They're slowly coming back, and before you know it the sight of a longhaired dude wielding a cranked Les Paul while some shirtless, skinny singer hollers into a mike won't just be a faded memory any more.
That was basically the scene 30 years ago today--on October 5, 1991--when producer-to-the-stars Bob Rock (Metallica, Motley Crue, the Cult, Bon Jovi, David Lee Roth, the Tragically Hip) brought his band Rockhead to a local bar called the Rock Cellar.
I thought they were pretty rockin'.
Here's my review of the gig, which was originally published in the October 10, 1991, issue of the Georgia Straight.
After producing hit records by the likes of Motley Crue, the Cult, and Metallica, Vancouver’s Bob Rock is tying on the gloves and stepping into the ring with Rockhead, his new hard-rock four-piece. The band’s been playing at various local top-40 bars, and if Saturday’s (October 5) performance at the Rock Cellar is any indication, it should be the next big thing out of Lotusland.
You wouldn’t have guessed it from the lame crowd reaction, though; most of the patrons were obviously there to hear cover tunes by the week’s regular act, Ted Moore.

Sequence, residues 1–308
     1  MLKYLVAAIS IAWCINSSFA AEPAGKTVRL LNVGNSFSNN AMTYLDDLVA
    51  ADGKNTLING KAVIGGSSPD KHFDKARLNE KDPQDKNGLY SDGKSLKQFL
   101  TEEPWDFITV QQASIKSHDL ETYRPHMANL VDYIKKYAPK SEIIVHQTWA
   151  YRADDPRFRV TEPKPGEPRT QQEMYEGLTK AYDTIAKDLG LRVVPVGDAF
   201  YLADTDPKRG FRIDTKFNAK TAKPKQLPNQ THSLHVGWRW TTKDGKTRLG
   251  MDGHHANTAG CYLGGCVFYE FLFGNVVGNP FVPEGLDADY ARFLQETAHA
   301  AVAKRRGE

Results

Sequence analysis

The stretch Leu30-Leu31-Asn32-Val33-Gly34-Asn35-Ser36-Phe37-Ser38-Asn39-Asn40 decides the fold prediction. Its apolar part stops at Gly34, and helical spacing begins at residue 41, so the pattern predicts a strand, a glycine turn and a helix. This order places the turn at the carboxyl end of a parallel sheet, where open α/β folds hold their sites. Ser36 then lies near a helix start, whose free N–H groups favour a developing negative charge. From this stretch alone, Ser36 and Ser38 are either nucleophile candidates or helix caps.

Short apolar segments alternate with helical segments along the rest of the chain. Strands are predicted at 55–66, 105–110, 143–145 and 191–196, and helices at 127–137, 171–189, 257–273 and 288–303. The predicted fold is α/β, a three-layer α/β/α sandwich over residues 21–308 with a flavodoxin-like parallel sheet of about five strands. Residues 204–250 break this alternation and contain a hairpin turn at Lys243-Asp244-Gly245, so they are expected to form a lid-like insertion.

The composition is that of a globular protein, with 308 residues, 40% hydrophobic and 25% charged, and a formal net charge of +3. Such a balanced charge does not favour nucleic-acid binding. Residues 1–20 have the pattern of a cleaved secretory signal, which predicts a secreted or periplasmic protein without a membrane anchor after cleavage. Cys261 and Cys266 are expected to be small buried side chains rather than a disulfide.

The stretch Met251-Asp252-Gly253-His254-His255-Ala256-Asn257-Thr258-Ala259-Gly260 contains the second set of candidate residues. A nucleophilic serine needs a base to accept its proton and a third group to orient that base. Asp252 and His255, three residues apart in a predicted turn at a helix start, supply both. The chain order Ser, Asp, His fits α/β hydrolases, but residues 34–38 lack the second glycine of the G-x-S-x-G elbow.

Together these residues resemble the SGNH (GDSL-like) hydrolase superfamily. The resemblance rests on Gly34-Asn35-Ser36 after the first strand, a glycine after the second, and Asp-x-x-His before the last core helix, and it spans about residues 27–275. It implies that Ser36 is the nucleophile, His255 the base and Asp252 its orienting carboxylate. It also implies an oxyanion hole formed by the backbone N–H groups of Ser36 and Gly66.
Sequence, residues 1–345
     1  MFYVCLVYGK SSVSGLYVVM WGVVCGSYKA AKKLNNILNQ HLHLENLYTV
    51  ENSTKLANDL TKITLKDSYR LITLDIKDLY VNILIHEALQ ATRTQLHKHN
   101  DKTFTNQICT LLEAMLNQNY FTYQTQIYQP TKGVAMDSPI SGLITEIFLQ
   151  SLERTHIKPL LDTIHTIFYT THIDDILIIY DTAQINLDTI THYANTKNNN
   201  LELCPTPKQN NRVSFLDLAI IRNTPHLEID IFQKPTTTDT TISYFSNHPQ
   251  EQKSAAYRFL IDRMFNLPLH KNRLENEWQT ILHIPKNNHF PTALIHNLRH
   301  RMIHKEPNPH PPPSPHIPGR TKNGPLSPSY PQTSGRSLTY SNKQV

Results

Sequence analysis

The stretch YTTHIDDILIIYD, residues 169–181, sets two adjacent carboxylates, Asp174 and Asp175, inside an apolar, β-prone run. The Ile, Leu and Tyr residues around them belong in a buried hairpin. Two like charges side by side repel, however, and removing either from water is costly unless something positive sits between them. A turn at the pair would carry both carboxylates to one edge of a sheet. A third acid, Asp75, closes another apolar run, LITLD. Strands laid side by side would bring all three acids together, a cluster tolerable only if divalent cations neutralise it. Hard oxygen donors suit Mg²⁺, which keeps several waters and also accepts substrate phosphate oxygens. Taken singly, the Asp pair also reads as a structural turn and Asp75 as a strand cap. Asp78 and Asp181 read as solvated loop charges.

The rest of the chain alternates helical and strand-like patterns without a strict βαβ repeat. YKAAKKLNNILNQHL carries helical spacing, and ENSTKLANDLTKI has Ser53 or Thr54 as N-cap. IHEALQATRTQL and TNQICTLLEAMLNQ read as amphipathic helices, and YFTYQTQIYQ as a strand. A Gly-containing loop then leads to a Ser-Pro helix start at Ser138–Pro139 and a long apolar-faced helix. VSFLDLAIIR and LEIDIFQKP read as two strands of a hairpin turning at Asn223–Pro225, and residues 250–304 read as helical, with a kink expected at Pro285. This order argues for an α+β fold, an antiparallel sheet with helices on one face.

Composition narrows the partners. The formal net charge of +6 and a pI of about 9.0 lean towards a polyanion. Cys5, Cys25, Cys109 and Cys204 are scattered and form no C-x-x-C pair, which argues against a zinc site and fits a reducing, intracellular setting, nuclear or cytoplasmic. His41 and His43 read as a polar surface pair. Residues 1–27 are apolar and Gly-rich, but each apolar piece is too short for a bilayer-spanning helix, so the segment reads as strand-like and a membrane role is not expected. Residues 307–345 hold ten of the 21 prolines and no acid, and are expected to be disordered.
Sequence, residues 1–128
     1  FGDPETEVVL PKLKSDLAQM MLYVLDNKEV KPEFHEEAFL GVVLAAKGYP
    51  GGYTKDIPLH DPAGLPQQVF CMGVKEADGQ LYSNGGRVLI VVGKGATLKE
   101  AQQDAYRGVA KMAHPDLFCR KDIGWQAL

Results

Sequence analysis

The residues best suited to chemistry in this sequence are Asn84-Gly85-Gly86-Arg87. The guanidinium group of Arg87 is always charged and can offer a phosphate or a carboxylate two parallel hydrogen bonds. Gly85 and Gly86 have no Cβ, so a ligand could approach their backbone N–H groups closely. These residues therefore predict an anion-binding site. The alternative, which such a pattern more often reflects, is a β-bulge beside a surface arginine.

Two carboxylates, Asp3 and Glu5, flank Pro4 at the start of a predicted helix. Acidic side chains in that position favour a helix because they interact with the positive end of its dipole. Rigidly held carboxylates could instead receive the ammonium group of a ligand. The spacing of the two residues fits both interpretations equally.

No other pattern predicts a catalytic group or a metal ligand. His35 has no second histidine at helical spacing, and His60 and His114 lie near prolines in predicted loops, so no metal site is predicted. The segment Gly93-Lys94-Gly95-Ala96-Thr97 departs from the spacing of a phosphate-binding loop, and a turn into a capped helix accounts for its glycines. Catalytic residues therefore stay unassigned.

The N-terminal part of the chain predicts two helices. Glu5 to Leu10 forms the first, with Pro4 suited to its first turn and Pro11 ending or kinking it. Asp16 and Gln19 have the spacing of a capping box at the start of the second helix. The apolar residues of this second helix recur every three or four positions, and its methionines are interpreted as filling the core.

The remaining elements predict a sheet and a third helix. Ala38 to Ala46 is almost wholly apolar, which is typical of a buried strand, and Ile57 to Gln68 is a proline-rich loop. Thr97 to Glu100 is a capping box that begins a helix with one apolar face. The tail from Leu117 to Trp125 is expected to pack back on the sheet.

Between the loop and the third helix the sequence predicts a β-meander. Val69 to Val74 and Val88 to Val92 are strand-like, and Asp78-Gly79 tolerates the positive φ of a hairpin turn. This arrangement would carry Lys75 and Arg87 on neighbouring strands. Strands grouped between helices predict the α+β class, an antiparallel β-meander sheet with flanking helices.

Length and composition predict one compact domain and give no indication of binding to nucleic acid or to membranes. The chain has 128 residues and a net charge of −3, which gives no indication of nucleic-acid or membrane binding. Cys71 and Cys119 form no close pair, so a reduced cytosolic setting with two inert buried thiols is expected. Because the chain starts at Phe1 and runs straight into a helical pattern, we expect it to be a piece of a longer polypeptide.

Rockhead—which will release its Vancouver Studios-recorded debut this January—includes Rock’s long-time drummer pal Chris Taylor (they previously collaborated in the Payola$ and Rock & Hyde), bassist Jamie Koch (from the Strolling Clones), and powerhouse vocalist Steve Jack, late of the top-40 act Love Hunter. The group favours blues-based boogie along the lines of the Cult, but Rock’s arrangements feature more than enough snappy hooks and licks to keep things as exciting as mainstream rock usually gets.
If he ever felt restrained in his guitar-playing role in past bands, Rock is making up for it with his latest project: he managed to riff out on most every tune, and guitar tech Laird Doyle was kept busy tuning Rock’s envy-inducing array of instruments. (Rock’s lucrative production work must make his hobby of guitar-collecting fun.)
Lean and hungry looking, lead singer Jack has the ideal raw, whisky-drenched voice to accompany Rockhead’s in-your-face tunes, and he likes to perform in the Jim Morrison tradition, tossing himself wildly about the stage.
The general ho-hum response from the Rock Cellar crowd was similar to the time when Jon Bon Jovi hopped on stage at the now-defunct Embassy to preview tunes from his Slippery When Wet album back in the mid-’80s. Hardly anyone took notice of “Living on a Prayer” or other catchy tunes that would be smothering the airwaves six months later. Expect Bob Rock’s inauspicious local shows to lead to something big as well.